More Than Half of Americans Are Driving Less Due to Rising Gas Prices: Here Are 5 More Ways To Save
Unless you’ve already gone electric, you don’t need a news report to tell you about just how quickly gas prices are rising. The national average was just recently a record $4.316 per gallon, according to AAA, and one record keeps breaking another. Things are so bad that Uber and Lyft are imposing fuel surcharges to help keep their drivers afloat.
So what about people who only drive for themselves? How are they coping and what should they do to get by — especially if they were already on shoestring budgets before prices hit the roof?
GOBankingRates surveyed more than 1,000 American adults from across the country and found that more than half — 52.87% — are driving less. Older sets are more likely than their younger counterparts to cut back on driving, although men and women are driving less in nearly identical percentages. But for some people, less time behind the wheel just isn’t an option.
About 1 in 5 respondents would like to drive less but simply can’t manage to. Another 28% aren’t changing their driving habits at all.
So, beyond not driving as much as they used to, what can regular people do to endure this very irregular spike in gas prices? GOBankingRates asked the experts to share their best gas-saving tips.
You can’t control the price of gas, but you can control how you drive — and how you drive has a lot to do with how much gas you burn.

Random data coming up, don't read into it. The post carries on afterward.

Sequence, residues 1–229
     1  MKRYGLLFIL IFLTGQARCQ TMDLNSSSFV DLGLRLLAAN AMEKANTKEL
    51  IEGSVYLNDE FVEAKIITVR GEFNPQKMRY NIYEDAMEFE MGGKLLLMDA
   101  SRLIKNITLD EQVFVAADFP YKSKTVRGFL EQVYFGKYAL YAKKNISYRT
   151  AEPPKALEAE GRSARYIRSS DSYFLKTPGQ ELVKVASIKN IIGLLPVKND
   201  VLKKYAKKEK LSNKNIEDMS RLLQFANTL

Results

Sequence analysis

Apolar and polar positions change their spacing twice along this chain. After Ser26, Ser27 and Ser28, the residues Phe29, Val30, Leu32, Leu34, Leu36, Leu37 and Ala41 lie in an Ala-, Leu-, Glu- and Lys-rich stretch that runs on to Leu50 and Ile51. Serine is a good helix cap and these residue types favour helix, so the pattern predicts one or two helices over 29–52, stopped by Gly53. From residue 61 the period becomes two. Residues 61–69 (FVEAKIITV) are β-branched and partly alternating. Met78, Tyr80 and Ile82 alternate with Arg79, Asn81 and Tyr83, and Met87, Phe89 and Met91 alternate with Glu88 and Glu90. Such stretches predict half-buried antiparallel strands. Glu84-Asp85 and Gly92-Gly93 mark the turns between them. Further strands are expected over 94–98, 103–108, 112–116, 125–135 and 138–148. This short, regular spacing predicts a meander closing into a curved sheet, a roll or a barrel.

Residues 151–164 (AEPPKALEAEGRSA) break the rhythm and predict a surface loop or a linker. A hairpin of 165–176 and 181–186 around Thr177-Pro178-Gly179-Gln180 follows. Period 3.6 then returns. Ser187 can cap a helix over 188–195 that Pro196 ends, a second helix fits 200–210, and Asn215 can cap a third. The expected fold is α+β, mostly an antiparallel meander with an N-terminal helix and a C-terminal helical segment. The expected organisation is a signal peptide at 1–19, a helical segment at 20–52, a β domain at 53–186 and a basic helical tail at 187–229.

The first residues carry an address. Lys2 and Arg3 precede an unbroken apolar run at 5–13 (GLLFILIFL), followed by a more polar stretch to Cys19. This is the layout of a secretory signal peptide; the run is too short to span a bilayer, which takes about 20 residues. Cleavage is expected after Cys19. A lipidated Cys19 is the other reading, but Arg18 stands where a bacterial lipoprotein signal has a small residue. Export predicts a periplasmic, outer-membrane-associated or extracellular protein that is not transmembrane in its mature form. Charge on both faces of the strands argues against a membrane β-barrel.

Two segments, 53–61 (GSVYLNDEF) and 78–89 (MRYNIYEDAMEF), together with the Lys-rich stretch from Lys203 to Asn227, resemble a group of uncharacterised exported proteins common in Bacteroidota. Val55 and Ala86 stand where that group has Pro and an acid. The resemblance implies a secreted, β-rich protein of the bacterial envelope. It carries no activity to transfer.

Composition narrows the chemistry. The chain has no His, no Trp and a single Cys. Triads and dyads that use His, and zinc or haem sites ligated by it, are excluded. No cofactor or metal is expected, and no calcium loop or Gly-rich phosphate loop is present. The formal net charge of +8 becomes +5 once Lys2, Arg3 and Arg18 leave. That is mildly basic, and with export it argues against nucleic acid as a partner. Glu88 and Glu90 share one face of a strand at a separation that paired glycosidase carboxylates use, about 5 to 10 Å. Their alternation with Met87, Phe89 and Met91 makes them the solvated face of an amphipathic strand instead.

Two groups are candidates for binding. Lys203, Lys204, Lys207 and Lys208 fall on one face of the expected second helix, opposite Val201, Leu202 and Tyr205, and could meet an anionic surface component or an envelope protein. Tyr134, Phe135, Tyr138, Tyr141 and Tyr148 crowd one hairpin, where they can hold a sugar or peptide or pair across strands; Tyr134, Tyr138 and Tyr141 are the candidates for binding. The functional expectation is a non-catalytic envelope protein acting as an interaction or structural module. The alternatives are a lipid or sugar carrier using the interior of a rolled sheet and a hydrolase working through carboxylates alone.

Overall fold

“Avoid sudden starts and stops,” said Jonathan Sykes, CEO of My Car Repair. “Avoid unnecessary braking — don’t speed up when the light turns green because the car in front is still stopped.”
The U.S. Department of Energy backs up that assertion, stating that aggressive driving like this reduces fuel economy by 15%-30% on the highway and 10%-40% in stop-and-go traffic.
Sykes also recommends shutting off your car when standing.
“Even sitting still, idling cars burn gas and emit pollutants,” Sykes said.
Here, too, DOE data backs up Sykes’ advice — idling cars can burn a quarter to a half-gallon of fuel per hour while starting a car’s engine burns only a few seconds worth of gas.
One of the best things you can do for your own physical well-being, the safety of other drivers on the road and for your wallet is to simply drop a few mph on the speedometer.
“Maintaining a safe speed or driving just under it can benefit you in more ways than you might expect,” said Ian Lang, senior car advice editor at Bumper.com.
According to the DOE, every 5 miles per hour you drive over 50 mph adds 29 cents per gallon of gas at today’s prices. Much of that has to do with the aerodynamics at work on your vehicle. “Wind resistance increases the faster you drive, which reduces fuel economy,” Lang said.
Along those same lines, rooftop cargo carriers can create enough aerodynamic drag to reduce fuel economy by as much as 25%, according to DOE.
Driving well at modest speeds is part of the battle — but treating your car well can save you even more money on gas.
“Maintain your car properly,” Sykes said. “Don’t carry around extra weight in your car if you don’t need to. Remove unnecessary items like golf clubs or tools that you only use once in a while. Keep the tires properly inflated — the correct pressure is listed on the tire itself — and make sure they’re not over-inflated or under-inflated. Poorly inflated tires can reduce fuel economy by 10% or more.”